What Size Fiscal Deficits for the United States: The US government can borrow at interest rates very close to zero. Surely the long-term benefits of public investment are greater than zero. Isn’t it obvious that the case for more government borrowing is overwhelming...?
The answer? Not so fast.
True, US government borrowing costs are very low. ...
True, if the economy were operating far below potential, the case for large deficits would then be a very strong one. Surely public investment should be increased and financed by debt under such circumstances. ...
So is it an open and shut case? No.
The US economy is operating close to its potential..., we are close to full employment. ...
This implies that if US policymakers wanted to avoid an overheating economy, greater public spending would have to be offset by a reduction in some component of private spending (which, presumably, would be achieved by an increase in interest rates by the Federal Reserve). To the extent that the reduction came from private investment..., private capital that would be crowded out. Given the poor state of public capital in the United States, the case is still there for an increase in public spending, and a corresponding higher deficit, but it is clearly weaker.
Is there a case for doing more? The answer is a qualified yes.
There is a case for temporarily overheating the US economy. The reason goes under the ugly name of “hysteresis”..., the notion that the long period of low growth and high unemployment has led to some permanent damage, which can be partly undone by a period of overheating of the economy. The most obvious case here is labor force participation... A period of very low unemployment may lead some of them to come back into the labor force. ...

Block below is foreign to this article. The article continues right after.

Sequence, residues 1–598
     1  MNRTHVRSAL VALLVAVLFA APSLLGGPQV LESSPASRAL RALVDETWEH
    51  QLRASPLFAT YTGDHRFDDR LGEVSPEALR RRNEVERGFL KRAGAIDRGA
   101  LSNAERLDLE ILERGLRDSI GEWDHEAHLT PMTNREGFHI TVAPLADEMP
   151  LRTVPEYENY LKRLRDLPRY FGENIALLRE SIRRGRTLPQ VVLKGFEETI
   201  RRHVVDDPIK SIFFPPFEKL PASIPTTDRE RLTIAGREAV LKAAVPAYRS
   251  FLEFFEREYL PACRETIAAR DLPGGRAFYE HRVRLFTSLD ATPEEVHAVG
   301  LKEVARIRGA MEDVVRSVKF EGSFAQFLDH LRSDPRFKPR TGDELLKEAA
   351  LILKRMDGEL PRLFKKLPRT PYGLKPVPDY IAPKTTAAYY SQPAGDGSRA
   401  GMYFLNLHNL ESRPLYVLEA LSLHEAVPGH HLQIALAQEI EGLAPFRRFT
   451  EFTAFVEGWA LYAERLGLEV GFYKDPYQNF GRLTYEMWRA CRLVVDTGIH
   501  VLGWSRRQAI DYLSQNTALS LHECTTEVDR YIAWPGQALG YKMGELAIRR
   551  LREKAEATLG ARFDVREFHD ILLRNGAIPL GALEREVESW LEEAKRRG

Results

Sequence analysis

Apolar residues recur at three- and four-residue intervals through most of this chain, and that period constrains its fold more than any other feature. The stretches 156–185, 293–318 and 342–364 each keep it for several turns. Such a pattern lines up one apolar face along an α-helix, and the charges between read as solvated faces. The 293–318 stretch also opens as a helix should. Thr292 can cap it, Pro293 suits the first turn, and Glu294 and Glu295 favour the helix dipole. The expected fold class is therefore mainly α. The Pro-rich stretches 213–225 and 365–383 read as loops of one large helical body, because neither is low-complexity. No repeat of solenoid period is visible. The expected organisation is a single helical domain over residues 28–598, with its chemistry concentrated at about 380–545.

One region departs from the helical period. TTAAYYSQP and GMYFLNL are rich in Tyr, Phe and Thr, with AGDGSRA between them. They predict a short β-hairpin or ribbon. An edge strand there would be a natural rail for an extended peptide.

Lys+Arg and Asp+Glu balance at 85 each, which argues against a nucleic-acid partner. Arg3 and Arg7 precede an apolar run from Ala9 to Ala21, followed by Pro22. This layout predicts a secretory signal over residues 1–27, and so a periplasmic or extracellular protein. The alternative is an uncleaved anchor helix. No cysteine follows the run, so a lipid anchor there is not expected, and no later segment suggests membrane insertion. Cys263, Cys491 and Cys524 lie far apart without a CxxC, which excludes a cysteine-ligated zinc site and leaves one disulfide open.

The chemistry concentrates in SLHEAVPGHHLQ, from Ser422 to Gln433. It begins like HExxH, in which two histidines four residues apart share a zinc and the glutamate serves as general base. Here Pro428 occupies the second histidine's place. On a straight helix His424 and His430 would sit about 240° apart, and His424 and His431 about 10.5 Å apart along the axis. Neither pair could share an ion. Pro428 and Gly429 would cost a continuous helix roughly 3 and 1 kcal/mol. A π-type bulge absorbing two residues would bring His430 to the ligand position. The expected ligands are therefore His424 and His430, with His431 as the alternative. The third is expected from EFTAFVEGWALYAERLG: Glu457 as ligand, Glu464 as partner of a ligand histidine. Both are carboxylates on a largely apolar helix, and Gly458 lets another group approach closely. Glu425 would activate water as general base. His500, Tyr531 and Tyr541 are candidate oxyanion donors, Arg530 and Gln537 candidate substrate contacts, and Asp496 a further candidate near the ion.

What is the bottom line? There is no case ... for all-out fiscal deficits. But there is a case for a fiscal expansion, based on carefully targeted public investment. Two remarks are needed here. Maintenance of existing infrastructure..., which has been badly neglected, may be less glamorous and less politically attractive than brand-new projects, but it is where the government is likely to get the best bang for its buck. Public-private partnerships, which have been mentioned by the Trump program, may not be the right tool: By aiming at projects that can at least partly pay for themselves financially, they may generate the wrong kind of public investment. Maintenance and the most useful public projects may have high social returns, but they are likely to have low financial returns.
Posted by Mark Thoma on Monday, November 21, 2016 at 12:14 PM in Economics, Fiscal Policy |
I have a new column:
The Political Winds in Economics: In recent years, much has been written about how the economics profession is drifting to the left. For example, Noah Smith writes:
“…almost all of the most prominent economists in the public sphere -- Paul Krugman, Summers, Thomas Piketty, and the rest -- lean to the left, and lean significantly more to the left than in years past. Conservative economists are largely hiding out in academia…”